Wrapping it up, finally.
Since I was so, so bad at posting anything for the last 5 days of my trip, I will attempt to (very) briefly recap them. I’ll supplement this with pictures in another post.
A very small group of us visited the Haryana area, where we talked with women from the villages. This area is known for having the most stringent cast system rules, and has the highest rate of honor killings. Interviewing those women and sipping tea in their homes was probably the highlight of the entire trip for me. The life story of one particular woman I interviewed made me bawl.
Did something tourist-y and visited the Taj! Definitely worthy of it’s wonder-of-the-world title. I could’ve done without the seven hour bus drive to get there though.. wasn’t feeling tip top that day.
Work, work, work. Some people (like me) had to play catch up to finish up stories before packing for home. We basically spent the whole day in the offices editing video, writing, etc. Here’s the final product of that day’s work!
An intense session of shopping where I got some really cool pants- thanks Jenn- among other things. I also got to see the Lotus temple, but of course did not have my camera with me, so… google it. It’s cool. And then we were whisked off to the airport!
I have mixed feelings about leaving India. I was ready to come home, but I think that’s because I was so exhausted from all the intensity we packed into those two weeks. We did a lot of several-hour commutes to get to places outside of Delhi, which was great, but draining. Three weeks would have been ideal for this trip. I wish we could’ve settled in and done some tourist-y stuff for an entire week, and then had two full weeks to focus on journalism. Regardless, I have no regrets from this trip.
On a less serious note, what’s up with Indian food service? Does it really take 30 minutes to get people their bills? Should it take more than 15 to mix warm milk with a drop of chocolate syrup and call it a milkshake?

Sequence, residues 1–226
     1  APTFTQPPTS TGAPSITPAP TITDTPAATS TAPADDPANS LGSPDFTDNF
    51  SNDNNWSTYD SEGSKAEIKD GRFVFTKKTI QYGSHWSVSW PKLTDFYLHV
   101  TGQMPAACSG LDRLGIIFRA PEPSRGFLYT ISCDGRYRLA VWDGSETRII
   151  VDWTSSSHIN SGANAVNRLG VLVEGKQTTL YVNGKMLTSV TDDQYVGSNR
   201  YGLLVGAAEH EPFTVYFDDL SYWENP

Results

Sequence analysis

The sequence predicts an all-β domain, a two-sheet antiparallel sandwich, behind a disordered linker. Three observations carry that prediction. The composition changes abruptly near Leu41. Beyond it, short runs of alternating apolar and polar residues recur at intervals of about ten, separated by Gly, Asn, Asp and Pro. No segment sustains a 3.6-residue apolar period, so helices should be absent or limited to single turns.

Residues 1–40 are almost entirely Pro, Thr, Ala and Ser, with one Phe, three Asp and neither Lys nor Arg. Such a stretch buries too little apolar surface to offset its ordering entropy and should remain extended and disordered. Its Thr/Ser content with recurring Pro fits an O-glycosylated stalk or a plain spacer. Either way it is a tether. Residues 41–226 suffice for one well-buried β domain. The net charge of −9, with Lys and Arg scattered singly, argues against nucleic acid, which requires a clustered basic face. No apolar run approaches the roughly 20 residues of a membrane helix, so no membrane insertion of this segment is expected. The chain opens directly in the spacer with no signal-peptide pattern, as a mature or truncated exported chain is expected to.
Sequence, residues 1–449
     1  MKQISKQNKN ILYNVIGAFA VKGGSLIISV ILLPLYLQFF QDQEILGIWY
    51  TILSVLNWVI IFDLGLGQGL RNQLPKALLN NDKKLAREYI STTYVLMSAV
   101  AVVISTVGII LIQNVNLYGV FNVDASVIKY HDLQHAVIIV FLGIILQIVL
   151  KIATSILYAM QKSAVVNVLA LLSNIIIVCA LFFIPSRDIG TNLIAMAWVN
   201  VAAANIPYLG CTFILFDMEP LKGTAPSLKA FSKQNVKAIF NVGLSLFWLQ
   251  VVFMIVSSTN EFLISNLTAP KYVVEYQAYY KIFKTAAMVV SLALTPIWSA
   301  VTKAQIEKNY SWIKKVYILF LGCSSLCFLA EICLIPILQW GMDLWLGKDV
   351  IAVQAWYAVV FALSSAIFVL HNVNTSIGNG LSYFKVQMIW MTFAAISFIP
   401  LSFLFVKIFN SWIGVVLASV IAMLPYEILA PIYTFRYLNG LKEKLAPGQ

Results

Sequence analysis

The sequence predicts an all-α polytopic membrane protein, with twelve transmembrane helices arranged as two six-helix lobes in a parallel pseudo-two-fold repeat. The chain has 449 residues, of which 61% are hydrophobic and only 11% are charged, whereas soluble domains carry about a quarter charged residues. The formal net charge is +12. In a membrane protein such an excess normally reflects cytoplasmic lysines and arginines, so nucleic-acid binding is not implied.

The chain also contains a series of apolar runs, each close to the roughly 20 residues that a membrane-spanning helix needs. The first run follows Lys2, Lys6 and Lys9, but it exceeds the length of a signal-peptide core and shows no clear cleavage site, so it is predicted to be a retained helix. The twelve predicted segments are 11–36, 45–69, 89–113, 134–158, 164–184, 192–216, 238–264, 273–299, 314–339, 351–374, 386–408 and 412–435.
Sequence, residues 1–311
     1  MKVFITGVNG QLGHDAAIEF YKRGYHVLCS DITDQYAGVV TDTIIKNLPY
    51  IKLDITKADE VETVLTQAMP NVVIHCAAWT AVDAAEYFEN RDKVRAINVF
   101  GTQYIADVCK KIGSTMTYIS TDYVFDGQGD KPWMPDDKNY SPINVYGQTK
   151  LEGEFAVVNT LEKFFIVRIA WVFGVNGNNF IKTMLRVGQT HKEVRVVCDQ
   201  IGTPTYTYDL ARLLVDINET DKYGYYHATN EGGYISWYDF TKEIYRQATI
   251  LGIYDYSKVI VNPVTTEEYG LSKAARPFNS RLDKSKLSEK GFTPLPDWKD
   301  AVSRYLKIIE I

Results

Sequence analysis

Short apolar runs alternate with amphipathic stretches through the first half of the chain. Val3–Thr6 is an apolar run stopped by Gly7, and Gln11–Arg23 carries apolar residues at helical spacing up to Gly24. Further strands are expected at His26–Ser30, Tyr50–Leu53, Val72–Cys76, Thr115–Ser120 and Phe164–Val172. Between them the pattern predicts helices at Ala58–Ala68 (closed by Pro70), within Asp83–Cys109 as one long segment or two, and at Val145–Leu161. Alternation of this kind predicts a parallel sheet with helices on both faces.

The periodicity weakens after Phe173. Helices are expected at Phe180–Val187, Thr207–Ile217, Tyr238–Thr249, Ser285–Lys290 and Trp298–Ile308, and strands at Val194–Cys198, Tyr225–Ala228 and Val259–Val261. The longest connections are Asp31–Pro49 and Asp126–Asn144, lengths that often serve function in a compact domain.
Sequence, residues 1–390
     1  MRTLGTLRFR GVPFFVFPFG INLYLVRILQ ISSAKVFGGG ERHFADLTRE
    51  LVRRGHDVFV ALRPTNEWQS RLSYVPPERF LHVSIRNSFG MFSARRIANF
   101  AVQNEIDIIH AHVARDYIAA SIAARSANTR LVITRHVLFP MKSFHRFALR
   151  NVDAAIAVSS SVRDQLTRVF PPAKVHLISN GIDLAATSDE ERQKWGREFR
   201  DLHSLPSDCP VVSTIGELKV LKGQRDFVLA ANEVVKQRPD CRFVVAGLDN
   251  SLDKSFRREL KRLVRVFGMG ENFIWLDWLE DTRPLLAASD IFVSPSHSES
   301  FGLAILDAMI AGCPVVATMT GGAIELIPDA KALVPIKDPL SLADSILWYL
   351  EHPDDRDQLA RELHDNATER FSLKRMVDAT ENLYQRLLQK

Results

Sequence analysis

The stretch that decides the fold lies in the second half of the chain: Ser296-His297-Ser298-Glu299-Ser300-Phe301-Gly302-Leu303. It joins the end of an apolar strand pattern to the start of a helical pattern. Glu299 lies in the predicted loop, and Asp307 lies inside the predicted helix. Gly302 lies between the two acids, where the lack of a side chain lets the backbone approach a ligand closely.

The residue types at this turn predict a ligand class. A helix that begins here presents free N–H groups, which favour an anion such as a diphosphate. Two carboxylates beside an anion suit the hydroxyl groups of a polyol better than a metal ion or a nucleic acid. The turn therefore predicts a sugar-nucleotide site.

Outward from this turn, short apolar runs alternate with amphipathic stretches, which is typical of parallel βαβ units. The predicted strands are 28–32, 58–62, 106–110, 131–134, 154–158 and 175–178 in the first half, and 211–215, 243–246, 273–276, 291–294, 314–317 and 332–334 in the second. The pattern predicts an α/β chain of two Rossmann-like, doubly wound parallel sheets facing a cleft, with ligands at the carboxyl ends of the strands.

Don’t be offended, India, it’s all in good fun. And other than the food service, there’s going to be a lot to miss, particularly getting to know a really cool group of people, both American and Indian.
This trip was unforgettable. I know part of me has changed because of it, but I’m still not sure what. I’ll let you know once I figure it out, I just know it’s a good thing.
I’m in love…
With this country’s landscape, colors, and most importantly, its people.
The weekend we spent in Lucknow took my breath away, and brought tears to my eyes. The welcome we received from the village’s school on Saturday was unforgettable. The children and teachers had to have spent hours the day before dyeing rice to arrange in beautiful designs on the ground, hanging streamers, stringing together flower necklaces, and so much more. They sang to us and marked us with tika, a traditional red paint, and led us in a procession to the school grounds.
I’ve never experienced a welcome like this. It was incredible.
If that wasn’t enough, children would take our hands and pull us to their groups of friends to take pictures with us. Lots and lots of pictures. We also played a little cricket with them, but only after confirming that the school did not have a soccer ball. I WILL be sending those children a soccer ball.
The villagers also prepared a traditional meal for us that we ate in a large room on the floor.
^—The plates were made with woven leaves!
I was also able to chat with a group of really cool girls around my age. I posted a picture of me standing with them earlier- we were trying to take a “silly” picture, but they didn’t want to make any funny faces, even after I showed them how… Anyway, most of them are teachers for the girls in the village, and are living examples for these young girls of how a woman can, and should be educated and career driven.
We were also given a tour of the village, which really turned into a parade due to our growing numbers. All of the village people wanted to follow us around, and accommodate us with several cups of chai tea, cookies, and fresh fruit. They may or may not have also offered marijuana, but we politely turned it down, of course. Again, it is not possible for these people to have shown more hospitality.